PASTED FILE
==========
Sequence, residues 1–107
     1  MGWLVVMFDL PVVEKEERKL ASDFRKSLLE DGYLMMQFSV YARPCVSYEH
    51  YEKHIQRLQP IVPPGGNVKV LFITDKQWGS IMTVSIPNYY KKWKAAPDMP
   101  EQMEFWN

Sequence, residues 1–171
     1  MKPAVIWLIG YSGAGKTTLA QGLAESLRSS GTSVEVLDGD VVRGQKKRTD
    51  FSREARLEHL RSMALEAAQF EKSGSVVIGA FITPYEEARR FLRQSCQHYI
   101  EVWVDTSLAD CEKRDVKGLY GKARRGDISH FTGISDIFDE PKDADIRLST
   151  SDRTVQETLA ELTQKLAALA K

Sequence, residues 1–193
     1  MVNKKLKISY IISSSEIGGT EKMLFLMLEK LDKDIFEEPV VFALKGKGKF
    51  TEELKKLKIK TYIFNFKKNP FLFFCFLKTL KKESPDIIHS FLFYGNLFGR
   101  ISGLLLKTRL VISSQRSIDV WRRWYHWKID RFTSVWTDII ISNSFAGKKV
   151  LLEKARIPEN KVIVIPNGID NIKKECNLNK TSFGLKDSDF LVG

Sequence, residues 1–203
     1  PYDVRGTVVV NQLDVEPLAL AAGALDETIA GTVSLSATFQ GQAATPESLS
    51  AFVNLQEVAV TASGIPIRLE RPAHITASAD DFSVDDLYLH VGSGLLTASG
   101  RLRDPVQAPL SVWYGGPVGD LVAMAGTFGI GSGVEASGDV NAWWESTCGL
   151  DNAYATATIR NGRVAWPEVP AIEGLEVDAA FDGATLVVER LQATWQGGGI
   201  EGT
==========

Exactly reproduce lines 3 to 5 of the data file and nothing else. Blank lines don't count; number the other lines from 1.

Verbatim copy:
    51  YEKHIQRLQP IVPPGGNVKV LFITDKQWGS IMTVSIPNYY KKWKAAPDMP
   101  EQMEFWN

Sequence, residues 1–171